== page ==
Trees are our ally
Trees capture and store carbon but that is only part of the story.
At Forestry England we are committed to achieving net zero greenhouse gas emissions by 2030 and removing our dependence on fossil fuels. Work is already underway across our estate, focusing on renewable energy and reducing vehicle emissions, so that we can meet our goal, but this is something that you as a school can do too.
Ask your students to complete the following activities:
Work through these activities with your students to help them understand more about how we can all play our part in cutting emissions. We recommend allocating a minimum of 30 minutes per activity.
Calculate how much carbon is being stored in the trees on your school grounds.
Find out about and discuss some of the work that we are doing as an organisation to reach our target of net zero carbon by 2030.
3. School audit
Carry out an audit of your school to investigate where you can reduce carbon emissions.
4. Your pledge
Let us know what you are going to commit to doing as a school to reduce your carbon emissions.
Target age: KS3
- Chemistry - The production of carbon dioxide by human activity and the impact on climate.
- Geography - Understand how human and physical processes interact to influence, and change landscapes, environments and the climate; and how human activity relies on effective functioning of natural systems.
1. Carbon capture
How does it work?
Trees reduce the impact of climate change by absorbing carbon dioxide as they grow and storing it as carbon in wood. Through carefully selecting appropriate tree species for the soil and climate condition we can lock up more carbon efficiently. Healthy growing trees and a well managed forest are more efficient at capturing carbon.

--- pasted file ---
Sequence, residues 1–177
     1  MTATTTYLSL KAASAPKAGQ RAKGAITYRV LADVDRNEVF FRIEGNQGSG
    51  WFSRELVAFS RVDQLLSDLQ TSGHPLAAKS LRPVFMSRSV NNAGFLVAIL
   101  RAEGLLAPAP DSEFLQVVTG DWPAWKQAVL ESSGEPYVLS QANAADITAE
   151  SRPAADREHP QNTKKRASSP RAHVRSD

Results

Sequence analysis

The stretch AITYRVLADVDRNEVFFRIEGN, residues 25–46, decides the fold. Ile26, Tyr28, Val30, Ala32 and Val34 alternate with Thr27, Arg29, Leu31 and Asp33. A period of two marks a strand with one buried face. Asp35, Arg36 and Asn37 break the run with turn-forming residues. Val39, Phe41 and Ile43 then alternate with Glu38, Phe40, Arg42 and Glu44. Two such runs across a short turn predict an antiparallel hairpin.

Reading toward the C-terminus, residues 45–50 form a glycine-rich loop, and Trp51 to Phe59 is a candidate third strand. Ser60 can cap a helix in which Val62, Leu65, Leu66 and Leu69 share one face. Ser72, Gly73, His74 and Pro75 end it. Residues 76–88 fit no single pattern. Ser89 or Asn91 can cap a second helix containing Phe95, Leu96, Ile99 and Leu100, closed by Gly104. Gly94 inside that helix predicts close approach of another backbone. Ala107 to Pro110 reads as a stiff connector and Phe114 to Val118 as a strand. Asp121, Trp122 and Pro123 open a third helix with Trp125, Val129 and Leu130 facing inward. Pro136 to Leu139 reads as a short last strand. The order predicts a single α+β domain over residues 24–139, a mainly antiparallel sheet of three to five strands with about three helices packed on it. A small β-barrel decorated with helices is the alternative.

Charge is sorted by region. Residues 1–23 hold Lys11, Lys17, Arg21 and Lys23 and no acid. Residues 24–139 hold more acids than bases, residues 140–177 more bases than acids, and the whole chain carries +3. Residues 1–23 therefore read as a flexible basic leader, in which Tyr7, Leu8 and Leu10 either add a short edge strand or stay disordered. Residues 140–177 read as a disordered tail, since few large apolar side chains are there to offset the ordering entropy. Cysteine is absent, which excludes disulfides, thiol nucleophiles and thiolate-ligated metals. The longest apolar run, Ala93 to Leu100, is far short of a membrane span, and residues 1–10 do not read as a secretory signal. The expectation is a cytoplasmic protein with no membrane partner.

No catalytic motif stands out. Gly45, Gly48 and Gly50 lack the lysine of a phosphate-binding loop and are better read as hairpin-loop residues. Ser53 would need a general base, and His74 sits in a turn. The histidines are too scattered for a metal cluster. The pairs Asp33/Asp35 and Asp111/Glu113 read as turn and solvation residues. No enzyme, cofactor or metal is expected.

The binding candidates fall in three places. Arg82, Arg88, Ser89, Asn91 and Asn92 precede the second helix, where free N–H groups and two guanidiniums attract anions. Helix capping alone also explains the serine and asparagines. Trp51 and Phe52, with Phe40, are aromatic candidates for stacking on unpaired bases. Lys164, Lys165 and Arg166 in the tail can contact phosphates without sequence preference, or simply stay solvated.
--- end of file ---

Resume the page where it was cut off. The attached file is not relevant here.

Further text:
Use the carbon capture activity sheet to help you calculate how much carbon the trees on or near your school site are storing. When you’ve made your calculation(s), to get an idea of how much carbon this actually is, have a look at the table below which shows some examples of how much carbon is produced during certain activities.
|Carbon footprint analysis|
|Boiling the kettle||5g||Return train journey from London to Glasgow||64kg|
|Using a laptop for 1 hour||20g||London to Madrid return flight||195kg per passenger|
|Filling up a car tank with petrol||173g||Production of a new laptop||326kg|
|Average UK home weekly electricity||24kg||Production of a new Range Rover||25tonnes|
2. Reducing emissions
At Forestry England we are committed to achieving net zero greenhouse gas emissions by 2030.
We're at the start of a journey but have already made great progress in removing our dependence on fossil fuels. We have carried out audits of our buildings to improve energy efficiency, introduced electric vehicles to our fleet and are planning clean energy projects.
We will always manage the nation's forests sustainably and plant more trees. It is our responsibility to ensure that forests are fit for the future and continue to provide timber. Timber is a renewable resource and helps tackle the climate crisis by locking up carbon from the atmosphere.